This procedure is usually successful, about 85% of the time, and is best done before repeated attempts at other treatments cause scarring of the area. Side effects include reflux (for this reason an antireflux procedure is usually added) and risks include perforation and leakage from the esophagus.

VAGOTOMY:

When the stomach produces too much acid, the nerves to the stomach (Vagus nerves) may need to be cut. This reduces the ability of the stomach to produce acid. It does not completely stop acid production, and may be combined with removal of a part of the stomach as well. These procedures can usually be performed with minimally invasive techniques, but in some circumstances open surgery may be needed. Some examples of vagotomy are:

GASTRECTOMY:

Removal of part or all of the stomach is called a gastrectomy. This is usually done for removal of a tumor, whether benign or cancerous, but might also be done for ulcer disease or other conditions. Different parts of the stomach can be removed, and the resulting pieces put back together in several ways. The more stomach that is removed, the more you can expect your eating habits will change. Several side effects may result, including weight loss, diarrhea, dumping syndrome (discussed later), or heartburn. Risks of this type of surgery include bleeding, infection, leakage from suture lines, recurrence of disease, or in rare cases death from heart issues or blood clots. Some different types of gastrectomy are shown:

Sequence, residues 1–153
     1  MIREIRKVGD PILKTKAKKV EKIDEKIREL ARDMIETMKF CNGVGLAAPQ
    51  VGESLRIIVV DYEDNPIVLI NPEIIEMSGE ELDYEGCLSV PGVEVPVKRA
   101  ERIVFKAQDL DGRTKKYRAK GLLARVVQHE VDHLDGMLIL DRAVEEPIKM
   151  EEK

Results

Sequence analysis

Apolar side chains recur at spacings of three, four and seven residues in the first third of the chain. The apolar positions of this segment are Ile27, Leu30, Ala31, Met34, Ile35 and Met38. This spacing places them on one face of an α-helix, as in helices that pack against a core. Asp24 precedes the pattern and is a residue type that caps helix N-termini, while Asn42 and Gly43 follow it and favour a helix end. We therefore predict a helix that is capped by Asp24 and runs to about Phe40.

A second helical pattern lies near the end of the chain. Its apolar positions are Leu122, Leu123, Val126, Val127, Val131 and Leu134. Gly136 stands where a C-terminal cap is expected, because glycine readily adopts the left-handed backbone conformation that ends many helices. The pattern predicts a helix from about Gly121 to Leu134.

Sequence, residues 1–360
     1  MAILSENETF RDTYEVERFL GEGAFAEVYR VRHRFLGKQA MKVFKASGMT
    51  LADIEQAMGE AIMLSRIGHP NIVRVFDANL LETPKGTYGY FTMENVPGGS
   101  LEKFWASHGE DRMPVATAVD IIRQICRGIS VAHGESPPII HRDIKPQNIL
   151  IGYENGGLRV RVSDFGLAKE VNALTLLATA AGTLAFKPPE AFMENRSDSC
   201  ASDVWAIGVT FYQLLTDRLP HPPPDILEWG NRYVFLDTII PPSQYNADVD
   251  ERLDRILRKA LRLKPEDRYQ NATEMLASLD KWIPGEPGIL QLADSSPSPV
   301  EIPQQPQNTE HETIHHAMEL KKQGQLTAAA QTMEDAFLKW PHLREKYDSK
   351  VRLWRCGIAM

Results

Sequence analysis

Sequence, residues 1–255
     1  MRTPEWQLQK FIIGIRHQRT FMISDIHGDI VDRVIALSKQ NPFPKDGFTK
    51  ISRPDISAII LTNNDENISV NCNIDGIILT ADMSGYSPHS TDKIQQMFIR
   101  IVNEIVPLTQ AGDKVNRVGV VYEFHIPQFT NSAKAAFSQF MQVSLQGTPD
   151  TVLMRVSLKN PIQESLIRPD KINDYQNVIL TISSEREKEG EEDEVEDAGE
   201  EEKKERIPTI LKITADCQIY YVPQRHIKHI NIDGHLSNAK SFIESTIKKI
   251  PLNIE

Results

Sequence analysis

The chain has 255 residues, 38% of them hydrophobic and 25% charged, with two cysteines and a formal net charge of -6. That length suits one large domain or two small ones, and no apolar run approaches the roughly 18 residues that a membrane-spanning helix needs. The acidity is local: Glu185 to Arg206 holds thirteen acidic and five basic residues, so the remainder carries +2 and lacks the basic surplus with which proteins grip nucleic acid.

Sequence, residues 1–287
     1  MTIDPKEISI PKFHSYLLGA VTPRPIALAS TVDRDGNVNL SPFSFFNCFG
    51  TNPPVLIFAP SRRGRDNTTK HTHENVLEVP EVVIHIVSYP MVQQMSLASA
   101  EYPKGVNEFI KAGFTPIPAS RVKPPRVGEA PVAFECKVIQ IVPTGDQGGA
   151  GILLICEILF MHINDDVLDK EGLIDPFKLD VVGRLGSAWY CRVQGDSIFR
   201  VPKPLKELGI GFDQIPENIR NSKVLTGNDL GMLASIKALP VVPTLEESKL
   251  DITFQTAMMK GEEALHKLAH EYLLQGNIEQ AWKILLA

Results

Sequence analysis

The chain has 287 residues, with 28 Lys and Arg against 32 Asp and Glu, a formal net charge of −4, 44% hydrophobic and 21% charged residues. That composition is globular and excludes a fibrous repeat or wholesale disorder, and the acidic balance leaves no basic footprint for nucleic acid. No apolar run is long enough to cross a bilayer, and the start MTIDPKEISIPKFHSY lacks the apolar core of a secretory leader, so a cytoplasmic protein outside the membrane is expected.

REATTACHMENT (ANASTOMOSIS):